The Pyrenean Oak tree (Quercus pyrenaica) is one of the Oak trees that produce "apple" Galls. Galls are round balls (with little horn like bumps - see above), about an inch and a quarter in diameter that "grow" on the new branch growth. There are not, however, a natural part of the tree but rather are the result of the trees defense mechanism against foreign objects.
The galls grow when a wasp lands on the soft bark of a new branch and deposites an egg (or mabye sevaral) into the branch. The tree sensing a foreign object isolates the egg by growing a ball that serves to keep the insect out of the branch. In the picture above you can see both the inside of the gall and a small wasp larvae (at the tip of the knife).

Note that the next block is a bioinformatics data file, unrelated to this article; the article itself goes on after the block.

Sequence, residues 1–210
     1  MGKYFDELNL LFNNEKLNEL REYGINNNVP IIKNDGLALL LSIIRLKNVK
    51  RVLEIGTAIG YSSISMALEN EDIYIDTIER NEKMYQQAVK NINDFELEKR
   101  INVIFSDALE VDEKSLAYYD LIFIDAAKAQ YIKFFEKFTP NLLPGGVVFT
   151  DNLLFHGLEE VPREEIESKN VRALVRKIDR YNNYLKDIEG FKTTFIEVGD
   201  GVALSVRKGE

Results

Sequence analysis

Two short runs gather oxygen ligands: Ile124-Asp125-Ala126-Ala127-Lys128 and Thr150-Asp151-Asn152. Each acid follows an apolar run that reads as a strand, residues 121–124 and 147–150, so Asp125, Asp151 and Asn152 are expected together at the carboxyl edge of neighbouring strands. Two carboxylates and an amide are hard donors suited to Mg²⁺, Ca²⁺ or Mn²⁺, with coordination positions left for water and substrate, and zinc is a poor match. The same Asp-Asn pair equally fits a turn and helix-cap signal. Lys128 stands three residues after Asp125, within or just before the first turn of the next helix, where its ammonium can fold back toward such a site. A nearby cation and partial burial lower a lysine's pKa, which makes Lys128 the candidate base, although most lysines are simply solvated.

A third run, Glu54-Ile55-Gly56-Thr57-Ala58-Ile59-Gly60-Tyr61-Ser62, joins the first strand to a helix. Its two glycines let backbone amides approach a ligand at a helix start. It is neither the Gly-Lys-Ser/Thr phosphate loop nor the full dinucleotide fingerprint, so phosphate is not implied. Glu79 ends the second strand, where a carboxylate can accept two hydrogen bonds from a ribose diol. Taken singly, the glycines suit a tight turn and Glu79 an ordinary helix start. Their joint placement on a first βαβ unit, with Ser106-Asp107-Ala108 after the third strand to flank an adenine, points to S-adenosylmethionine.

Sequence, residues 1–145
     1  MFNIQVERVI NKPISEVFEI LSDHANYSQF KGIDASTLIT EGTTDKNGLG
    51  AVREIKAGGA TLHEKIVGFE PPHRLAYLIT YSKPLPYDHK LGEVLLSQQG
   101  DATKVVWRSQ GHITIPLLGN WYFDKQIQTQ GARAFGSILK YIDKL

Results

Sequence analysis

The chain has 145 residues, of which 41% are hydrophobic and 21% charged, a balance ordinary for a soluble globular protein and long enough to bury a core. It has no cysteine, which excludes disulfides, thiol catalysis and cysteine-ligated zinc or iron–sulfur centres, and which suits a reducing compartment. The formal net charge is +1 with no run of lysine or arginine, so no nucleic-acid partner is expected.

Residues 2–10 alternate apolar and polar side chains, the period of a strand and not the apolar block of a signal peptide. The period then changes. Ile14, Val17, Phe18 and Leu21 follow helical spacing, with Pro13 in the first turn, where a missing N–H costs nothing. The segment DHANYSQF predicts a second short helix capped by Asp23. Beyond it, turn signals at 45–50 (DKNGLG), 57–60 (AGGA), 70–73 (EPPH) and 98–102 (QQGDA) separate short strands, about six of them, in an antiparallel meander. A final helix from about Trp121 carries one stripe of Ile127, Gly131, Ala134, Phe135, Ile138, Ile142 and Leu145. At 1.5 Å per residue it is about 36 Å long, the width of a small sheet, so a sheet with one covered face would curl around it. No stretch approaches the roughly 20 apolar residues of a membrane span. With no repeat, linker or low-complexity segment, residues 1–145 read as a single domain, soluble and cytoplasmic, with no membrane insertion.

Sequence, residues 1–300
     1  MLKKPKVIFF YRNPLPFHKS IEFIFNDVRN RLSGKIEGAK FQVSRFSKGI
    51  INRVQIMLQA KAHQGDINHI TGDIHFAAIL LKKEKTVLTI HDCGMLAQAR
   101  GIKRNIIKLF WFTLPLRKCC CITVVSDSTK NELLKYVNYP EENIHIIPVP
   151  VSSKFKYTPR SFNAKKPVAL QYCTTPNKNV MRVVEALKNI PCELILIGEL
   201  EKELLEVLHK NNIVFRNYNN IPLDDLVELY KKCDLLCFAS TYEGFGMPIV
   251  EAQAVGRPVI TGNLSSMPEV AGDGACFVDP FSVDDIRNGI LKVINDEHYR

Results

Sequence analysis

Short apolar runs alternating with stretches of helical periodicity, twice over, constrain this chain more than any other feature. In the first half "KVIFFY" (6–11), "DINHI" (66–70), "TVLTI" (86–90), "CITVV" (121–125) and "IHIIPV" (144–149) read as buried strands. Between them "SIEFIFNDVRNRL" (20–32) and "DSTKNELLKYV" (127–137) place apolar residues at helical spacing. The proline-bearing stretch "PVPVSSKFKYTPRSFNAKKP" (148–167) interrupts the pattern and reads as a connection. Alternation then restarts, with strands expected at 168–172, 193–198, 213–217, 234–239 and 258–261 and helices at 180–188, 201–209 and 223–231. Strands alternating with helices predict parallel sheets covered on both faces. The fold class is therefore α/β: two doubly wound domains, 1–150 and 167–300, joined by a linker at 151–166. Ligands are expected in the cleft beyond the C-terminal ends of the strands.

The gall then serves as a protective environment for the wasp larvae as well as a source of food until it is ready to bore its way out of the galls hard outer shell and fly away. The image above shows several of these holes.
The galls on this tree species grow occur in different sizes and some of them do not have the horn like bumps. I´m not sure if these are produced as the result of different insects or not.
The leaves of these trees also seem to have a gall-like defensive mechanism as can be seen in the image above.
Another Oak tree in Spain that produces galls is the Portuguese Oak.